Monday, 27 April 2015

Of This Early Morning

By habit I am an early waker, but not always an early riser.  This is especially true after gig nights.  This wasn't a post-gig morning, but at six o'clock I tried not to open my eyes as the sun was preparing for a full attack through the cabin porthole I leave open for air.  It was a crisp one.  Checking the thermometer and shuddering a little at the indoor temperature of 9ºC I realised it must have been cold outside for Jack, who would normally have been led back to his stable for a night as cool as this one has been.  Sadly, of course, Jack was not planning on going anywhere and moving him was not a comfortable option either.  I hoped he'd got through the night.  Normally I would grab the laptop and dive back into bed to start the first of the day's battles in the war against spam e-mail, going on to respond to other messages as required and finishing with dispensing snippets of wit and wisdom across a web forum or social medium.  Under two duvets the temperature is bearable enough to stay there until the air warms up a little.  Of course, when I have reading or writing to be getting on with I can just as easily do it in bed, which is what I usually do.

Then I heard it.  That strange scraping, rasping noise I have been trying to identify.  A low, slow single scrape lasting for about a second at a time.  I rose much too quickly, went to the galley, raised the blind and slid open the window.  Of course, the sound stopped.  A solitary swan was sailing past with wings stretching like the solar panels on a satellite.  I abandoned the yawning duck theory and wondered if it could be the swan making some sort of drumming noise with his beak.  I didn't see anything moving.  I heard the noise again and it seemed to be coming from another direction.  The mystery sound remains unidentified.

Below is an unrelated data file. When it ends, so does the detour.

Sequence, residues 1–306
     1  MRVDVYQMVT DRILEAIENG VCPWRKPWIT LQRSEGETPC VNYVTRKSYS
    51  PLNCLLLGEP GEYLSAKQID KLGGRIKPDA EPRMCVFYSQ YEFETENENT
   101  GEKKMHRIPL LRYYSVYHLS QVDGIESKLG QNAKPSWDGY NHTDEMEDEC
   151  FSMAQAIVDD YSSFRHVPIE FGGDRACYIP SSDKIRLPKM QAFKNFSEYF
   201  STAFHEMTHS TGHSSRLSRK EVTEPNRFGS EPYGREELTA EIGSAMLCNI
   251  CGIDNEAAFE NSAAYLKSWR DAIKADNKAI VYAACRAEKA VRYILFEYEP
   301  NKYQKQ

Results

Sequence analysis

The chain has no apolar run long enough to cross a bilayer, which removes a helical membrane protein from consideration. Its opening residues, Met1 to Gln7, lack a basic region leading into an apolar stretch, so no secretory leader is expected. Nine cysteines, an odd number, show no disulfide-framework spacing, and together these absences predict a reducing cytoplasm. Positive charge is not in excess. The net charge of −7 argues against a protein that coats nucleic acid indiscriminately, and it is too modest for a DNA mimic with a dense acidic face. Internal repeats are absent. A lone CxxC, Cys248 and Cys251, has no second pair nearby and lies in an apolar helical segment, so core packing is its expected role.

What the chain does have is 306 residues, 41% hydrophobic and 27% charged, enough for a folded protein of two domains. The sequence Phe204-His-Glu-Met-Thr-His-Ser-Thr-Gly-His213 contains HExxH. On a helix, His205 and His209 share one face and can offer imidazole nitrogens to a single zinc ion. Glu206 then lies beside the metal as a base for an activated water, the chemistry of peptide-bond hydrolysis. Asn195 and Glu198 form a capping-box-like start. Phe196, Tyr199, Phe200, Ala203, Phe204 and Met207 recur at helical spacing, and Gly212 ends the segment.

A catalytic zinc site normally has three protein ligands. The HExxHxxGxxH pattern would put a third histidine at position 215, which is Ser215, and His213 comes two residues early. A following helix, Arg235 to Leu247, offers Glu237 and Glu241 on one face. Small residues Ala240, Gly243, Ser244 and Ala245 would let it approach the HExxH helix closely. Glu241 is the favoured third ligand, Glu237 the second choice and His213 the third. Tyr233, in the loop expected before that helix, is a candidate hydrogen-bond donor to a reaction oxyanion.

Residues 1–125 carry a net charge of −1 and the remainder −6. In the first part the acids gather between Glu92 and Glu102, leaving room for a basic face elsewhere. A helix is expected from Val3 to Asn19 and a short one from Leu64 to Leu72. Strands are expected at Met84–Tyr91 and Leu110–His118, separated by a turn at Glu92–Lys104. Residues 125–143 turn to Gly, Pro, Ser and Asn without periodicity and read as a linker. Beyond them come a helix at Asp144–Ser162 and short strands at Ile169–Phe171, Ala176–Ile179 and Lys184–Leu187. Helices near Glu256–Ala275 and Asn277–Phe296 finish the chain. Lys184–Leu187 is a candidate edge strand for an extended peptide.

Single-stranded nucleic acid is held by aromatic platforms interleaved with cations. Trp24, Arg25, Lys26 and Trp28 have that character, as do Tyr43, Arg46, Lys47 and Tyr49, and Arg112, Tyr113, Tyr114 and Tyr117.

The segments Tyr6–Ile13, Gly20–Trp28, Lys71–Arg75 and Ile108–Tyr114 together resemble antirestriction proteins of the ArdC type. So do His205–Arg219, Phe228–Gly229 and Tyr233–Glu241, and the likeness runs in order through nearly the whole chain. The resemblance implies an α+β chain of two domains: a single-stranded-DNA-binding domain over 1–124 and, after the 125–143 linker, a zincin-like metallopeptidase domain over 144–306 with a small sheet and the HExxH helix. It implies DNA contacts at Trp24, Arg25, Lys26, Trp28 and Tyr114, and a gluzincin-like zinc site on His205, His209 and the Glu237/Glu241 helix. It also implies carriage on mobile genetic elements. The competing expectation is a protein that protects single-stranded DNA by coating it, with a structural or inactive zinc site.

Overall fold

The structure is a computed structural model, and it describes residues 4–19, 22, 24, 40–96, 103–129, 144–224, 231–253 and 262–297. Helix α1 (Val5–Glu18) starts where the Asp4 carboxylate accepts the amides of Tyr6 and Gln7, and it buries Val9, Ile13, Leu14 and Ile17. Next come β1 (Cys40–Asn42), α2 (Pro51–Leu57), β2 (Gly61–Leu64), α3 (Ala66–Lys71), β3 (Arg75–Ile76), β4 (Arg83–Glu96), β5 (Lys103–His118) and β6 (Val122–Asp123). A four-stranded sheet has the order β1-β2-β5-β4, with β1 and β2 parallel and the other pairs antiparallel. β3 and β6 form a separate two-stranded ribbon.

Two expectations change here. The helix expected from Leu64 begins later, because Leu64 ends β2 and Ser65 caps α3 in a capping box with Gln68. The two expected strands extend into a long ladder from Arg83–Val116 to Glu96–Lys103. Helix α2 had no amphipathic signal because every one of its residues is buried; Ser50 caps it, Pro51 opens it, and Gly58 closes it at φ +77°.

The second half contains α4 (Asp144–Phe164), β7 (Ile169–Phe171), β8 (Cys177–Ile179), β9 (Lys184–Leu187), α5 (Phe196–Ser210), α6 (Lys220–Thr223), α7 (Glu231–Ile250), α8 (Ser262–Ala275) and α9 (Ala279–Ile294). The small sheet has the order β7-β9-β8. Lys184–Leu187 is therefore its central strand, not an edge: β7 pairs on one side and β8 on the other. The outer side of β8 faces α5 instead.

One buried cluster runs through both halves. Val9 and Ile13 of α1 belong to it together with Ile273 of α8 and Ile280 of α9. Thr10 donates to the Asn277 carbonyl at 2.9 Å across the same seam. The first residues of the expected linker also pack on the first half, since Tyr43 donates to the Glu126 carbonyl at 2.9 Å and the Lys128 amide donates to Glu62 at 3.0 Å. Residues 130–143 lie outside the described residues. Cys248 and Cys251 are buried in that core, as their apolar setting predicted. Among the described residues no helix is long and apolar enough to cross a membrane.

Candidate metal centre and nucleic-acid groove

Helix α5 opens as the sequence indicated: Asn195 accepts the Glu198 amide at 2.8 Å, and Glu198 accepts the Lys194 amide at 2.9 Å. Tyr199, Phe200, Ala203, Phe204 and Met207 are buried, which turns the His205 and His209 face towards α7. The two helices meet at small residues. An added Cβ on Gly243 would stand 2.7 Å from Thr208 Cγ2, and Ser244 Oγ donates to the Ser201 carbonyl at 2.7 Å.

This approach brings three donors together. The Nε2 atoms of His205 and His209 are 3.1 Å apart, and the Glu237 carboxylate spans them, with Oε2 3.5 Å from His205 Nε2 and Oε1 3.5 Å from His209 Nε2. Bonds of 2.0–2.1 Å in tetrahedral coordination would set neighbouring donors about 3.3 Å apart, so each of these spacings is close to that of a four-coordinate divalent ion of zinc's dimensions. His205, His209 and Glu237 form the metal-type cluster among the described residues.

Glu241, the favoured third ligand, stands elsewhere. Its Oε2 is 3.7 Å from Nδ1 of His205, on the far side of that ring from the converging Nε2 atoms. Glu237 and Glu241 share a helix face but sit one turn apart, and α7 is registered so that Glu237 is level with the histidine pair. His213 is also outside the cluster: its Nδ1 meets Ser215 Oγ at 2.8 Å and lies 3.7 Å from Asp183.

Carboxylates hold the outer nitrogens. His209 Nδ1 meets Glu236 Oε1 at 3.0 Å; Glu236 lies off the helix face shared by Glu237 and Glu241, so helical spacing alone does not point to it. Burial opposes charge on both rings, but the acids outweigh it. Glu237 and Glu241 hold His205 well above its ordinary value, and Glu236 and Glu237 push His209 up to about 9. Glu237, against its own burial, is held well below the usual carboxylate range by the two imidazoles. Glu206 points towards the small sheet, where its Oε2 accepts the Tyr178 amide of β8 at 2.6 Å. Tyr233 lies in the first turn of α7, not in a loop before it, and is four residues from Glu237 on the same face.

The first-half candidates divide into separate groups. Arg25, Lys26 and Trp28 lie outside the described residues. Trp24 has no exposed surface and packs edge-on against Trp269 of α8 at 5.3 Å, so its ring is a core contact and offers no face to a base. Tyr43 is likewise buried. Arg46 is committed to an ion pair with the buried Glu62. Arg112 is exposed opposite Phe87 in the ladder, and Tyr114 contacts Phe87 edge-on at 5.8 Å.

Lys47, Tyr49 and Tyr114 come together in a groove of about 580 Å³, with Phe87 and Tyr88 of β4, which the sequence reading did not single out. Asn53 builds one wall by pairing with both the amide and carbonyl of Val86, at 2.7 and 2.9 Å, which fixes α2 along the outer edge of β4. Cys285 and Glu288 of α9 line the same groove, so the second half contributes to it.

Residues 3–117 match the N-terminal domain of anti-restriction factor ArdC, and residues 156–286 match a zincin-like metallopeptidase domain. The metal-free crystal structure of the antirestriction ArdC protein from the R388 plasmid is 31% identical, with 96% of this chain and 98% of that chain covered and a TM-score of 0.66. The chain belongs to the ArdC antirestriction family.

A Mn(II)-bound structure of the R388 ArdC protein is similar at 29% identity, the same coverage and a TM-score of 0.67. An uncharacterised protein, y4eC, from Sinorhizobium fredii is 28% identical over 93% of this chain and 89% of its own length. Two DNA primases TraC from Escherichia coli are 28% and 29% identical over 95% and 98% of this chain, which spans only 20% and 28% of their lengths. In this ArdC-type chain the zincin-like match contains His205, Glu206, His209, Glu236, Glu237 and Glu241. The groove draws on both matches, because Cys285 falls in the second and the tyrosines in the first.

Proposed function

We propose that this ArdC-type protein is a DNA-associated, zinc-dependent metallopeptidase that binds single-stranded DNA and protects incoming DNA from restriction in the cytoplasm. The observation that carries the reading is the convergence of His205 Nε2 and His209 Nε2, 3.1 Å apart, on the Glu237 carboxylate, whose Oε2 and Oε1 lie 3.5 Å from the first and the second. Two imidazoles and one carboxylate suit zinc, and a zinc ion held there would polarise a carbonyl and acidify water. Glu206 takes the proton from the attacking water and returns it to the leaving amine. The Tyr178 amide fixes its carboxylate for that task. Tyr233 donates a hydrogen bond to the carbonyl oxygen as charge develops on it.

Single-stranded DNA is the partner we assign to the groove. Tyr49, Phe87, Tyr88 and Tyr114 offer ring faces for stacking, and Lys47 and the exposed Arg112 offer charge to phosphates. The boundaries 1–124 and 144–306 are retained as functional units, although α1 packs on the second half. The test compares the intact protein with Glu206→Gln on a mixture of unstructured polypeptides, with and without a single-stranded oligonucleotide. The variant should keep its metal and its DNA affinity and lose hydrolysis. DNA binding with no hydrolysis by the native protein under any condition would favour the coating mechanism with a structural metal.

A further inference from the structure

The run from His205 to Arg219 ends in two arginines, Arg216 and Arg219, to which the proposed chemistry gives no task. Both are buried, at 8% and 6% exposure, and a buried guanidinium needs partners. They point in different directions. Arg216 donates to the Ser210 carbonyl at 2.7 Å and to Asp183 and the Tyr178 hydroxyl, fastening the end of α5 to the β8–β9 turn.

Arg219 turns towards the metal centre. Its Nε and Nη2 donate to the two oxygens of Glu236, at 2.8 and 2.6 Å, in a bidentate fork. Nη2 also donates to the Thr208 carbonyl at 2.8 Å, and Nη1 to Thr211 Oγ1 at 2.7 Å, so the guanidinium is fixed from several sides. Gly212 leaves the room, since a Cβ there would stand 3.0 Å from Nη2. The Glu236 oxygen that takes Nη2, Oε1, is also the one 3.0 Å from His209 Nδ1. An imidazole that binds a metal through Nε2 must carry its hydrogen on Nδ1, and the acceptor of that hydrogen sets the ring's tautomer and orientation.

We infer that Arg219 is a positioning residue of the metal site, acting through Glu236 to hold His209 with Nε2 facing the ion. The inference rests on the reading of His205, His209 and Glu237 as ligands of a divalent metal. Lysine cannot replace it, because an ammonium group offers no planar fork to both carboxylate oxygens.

Since I was up I decided I could hang out the washload I'd put in before I went to bed.  I have a line stretched the length of the mooring and I do like to take advantage of maximum airing opportunities.  I hauled myself quickly into joggers, jumper and topped off the ensemble with a fleece and hat.  I zipped the fleece to the neck because I didn't want to risk meeting anyone who might form an opinion about the boatman who keeps his pyjamas on under his clothes.  I could get dressed properly when it warms up a bit more.  "You have a very colourful washing line," Yappy-dog Woman once said to me before her eviction.  I like my tie-dyed and primary coloured clothes, but having someone observing my smalls felt creepy.

However, before hanging out the linen I wanted to have a word with Jack.  I was hoping he was still with us.  Despite the farmer's sister managing to wrap him in two horse coats it had been a cold night.  There was a light mist on the river and a light frost on the decking.  A heavier layer of ice had formed on the roof of the boat and it was not yet warm enough to begin melting.  As I climbed the steps up to the top of the bank I looked into the low sun to see if I could spot Jack where I'd seen him last night.  He wasn't there.  My heart did one of those momentary quickening things and then I saw him in silhouette.  He was standing, grazing at the far end of the field.  Hooray!  I had to go and have a word and let him know how pleased everyone would be that he had made it through the night.  As I drew closer he looked uncomfortable and seemed as though he wanted to move away, so I backed off and he relaxed.  I didn't want him to have to move about unnecessarily if it still hurt to move and certainly not on my account.  From a distance I told him that I was pleased to see him up, if not quite about, and I think he was listening.  He had stopped grazing anyway.

A light mist on the river

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